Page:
Japanese court rejects damages claim by unrecognized Minamata disease sufferers

A court in southwestern Japan has rejected a damages claim by more than 140 people who are not covered by the government's relief measures for Minamata disease.

The Kumamoto District Court dismissed the claim on Friday.

The 144 plaintiffs had each demanded compensation of 4.5 million yen, or about 30,000 dollars, from the central government, the Kumamoto prefectural government and Chisso, the company responsible for the disease caused by mercury poisoning.

The plaintiffs are mainly from the cities of Minamata and Amakusa in Kumamoto Prefecture and Izumi City in Kagoshima Prefecture, and are in their 50s to 100s.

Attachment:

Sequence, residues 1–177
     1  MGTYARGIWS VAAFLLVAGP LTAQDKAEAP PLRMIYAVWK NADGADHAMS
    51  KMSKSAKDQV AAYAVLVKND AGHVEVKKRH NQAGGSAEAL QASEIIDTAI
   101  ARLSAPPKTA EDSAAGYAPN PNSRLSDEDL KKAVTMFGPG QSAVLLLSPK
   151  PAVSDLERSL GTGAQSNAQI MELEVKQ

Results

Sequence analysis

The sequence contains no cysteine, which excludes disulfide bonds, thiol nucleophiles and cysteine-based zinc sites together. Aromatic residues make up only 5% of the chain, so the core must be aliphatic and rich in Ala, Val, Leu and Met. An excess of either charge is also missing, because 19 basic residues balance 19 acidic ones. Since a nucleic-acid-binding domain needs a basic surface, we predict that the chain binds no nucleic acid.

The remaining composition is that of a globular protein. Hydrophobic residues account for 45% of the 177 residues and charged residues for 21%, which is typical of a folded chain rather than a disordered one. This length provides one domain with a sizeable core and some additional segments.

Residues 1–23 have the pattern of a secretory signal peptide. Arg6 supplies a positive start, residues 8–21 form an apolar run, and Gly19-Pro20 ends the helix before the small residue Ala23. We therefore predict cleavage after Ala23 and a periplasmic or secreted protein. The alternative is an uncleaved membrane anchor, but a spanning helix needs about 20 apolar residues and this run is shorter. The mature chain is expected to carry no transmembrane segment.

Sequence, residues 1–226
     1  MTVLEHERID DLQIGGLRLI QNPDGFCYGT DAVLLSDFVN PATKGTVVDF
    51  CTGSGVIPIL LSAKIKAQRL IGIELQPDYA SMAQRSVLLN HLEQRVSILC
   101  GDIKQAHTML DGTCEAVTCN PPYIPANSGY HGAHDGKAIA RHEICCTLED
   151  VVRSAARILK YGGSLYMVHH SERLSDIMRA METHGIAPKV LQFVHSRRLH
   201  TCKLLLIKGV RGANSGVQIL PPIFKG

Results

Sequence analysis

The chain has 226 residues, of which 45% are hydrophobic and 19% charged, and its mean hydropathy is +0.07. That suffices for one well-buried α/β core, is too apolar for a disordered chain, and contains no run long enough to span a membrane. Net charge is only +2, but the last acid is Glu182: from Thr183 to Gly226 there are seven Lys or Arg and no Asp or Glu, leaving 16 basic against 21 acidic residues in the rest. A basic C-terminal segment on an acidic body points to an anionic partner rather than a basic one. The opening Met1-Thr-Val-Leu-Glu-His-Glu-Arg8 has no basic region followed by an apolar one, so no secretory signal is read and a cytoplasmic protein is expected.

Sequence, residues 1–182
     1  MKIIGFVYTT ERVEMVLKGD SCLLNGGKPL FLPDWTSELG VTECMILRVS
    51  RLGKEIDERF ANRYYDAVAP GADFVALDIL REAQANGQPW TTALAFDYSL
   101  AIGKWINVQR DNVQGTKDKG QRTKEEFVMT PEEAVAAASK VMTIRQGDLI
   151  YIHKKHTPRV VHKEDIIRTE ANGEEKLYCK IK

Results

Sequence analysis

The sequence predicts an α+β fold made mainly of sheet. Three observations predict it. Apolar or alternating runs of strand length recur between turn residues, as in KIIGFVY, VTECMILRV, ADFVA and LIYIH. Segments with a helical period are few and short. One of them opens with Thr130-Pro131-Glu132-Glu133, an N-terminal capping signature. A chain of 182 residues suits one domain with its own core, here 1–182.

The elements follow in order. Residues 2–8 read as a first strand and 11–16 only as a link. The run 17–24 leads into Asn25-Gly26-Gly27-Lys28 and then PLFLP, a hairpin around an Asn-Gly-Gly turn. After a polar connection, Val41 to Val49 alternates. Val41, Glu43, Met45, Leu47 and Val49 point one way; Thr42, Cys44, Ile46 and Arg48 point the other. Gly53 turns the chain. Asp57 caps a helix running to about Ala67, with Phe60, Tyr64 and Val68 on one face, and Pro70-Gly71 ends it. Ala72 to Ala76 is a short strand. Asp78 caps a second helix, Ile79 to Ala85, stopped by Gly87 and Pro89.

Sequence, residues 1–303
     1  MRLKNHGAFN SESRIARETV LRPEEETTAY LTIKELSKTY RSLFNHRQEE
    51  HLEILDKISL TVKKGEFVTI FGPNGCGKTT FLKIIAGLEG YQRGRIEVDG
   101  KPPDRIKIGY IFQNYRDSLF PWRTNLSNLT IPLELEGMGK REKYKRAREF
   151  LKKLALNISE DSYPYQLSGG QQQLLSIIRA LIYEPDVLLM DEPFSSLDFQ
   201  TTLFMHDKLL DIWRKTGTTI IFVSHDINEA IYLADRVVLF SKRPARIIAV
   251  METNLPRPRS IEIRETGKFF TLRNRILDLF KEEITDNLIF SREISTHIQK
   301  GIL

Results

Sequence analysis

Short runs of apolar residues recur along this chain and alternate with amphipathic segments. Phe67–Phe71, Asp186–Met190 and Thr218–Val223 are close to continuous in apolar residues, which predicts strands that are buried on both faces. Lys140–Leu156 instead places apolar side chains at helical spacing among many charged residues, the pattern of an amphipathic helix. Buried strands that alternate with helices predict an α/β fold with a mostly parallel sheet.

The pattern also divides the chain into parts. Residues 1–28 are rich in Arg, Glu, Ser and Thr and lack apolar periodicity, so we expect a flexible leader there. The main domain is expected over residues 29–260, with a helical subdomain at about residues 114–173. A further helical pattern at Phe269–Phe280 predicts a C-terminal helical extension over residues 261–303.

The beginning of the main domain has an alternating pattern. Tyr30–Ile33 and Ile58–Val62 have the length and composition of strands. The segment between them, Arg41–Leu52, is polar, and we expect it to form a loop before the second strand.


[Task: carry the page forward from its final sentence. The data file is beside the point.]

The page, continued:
They say it is unjust that they are not covered by the special measures law aimed at providing relief to those who have symptoms of the disease but are not recognized as patients.

Chief Justice Shinagawa Hideki said 25 of the plaintiffs have Minamata disease, but too much time has passed for them to be able to claim damages.

The special measures law stipulates that people need to have lived in the area near Minamata Bay for more than one year and to have been born by the end of November 1969 to be eligible for the measures. The plaintiffs questioned the adequacy of these conditions in the court hearings.

Last year, the Osaka District Court recognized a different group of plaintiffs as Minamata disease sufferers and ordered the central government and other parties to pay compensation. That was the first ruling among group lawsuits of its kind.